Kushner, Trump’s senior White House adviser, said that in negotiations both sides have to decide when they get to “yes”, adding: “Maybe they will never get to yes.”
Several thousand Palestinians demonstrated in the Hamas-controlled Gaza Strip and burned posters of Trump and Israeli Prime Minister Benjamin Netanyahu. “No to the conference of treason, no to the conference of shame” read one banner.
The chief of the Islamist Hamas, Ismail Haniyeh, criticized the plan as a ruse against the Palestinian people.
“This money must not come at the expense of our enduring rights, or at the expense of Jerusalem or the right of return or at the expense of sovereignty and resistance,” he said.
Several Arab states, including Lebanon, stayed away from the event while others including Jordan and Egypt, the two Arab nations that have reached peace agreements with Israel, sent deputy ministers.
Washington hopes wealthy Gulf states will bankroll the plan, which expects donor nations and investors to contribute $50 billion to Palestinian and neighboring Arab state economies. It is the first phase of broader peace plan more than two years in the making.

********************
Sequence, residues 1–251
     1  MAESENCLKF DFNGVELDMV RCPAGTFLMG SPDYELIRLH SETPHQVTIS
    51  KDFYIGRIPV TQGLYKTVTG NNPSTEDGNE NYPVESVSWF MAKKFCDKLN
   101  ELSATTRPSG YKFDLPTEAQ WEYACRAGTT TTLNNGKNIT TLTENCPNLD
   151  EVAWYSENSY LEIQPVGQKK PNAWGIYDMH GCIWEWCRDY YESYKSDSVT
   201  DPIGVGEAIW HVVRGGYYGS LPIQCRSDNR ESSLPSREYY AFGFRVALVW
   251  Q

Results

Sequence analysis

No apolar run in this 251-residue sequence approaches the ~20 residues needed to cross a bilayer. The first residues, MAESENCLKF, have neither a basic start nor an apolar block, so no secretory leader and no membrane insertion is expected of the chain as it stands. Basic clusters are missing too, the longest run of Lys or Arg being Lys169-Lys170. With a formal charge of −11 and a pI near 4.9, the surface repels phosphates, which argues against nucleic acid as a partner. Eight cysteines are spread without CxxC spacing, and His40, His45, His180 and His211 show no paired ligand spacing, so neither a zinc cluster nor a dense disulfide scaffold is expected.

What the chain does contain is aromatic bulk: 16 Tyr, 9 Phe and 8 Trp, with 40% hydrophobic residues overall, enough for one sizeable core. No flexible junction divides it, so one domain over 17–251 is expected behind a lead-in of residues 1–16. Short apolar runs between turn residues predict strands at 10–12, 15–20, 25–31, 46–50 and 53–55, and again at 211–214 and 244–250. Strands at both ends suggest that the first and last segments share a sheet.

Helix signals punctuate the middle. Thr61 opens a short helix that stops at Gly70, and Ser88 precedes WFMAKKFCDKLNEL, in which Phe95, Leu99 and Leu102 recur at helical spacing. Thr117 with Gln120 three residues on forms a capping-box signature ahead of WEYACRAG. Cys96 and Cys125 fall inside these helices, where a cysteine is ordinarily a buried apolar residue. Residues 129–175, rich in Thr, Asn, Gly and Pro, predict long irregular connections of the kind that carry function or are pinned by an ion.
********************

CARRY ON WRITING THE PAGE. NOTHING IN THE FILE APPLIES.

Sunni Muslim Saudi Arabia and the United Arab Emirates, which share a common foe with Israel in Shi’ite Iran, voiced qualified support for Kushner’s economic formula but made clear that the plan needed to be combined with a political solution.
Saudi Finance Minister Mohammed al-Jadaan said Riyadh would support whatever brings prosperity to the region but that it was important that it be driven by the private sector.
“We should give this initiative a chance,” said UAE Minister of State for Financial Affairs Obaid Humaid al-Tayer.
Bahraini Foreign Minister Sheikh Khalid bin Ahmed al-Khalifa told Israeli public broadcaster Kan the plan was an “opportunity not to be missed” and could be “very important game-changer”.
Saudi Arabia said on the eve of the conference that any peace deal should be based on a Saudi-led Arab initiative that calls for a Palestinian state drawn along borders which predate Israel’s capture of territory in the 1967 Middle East war. It envisages a capital in East Jerusalem and refugees’ right of return - points rejected by Israel.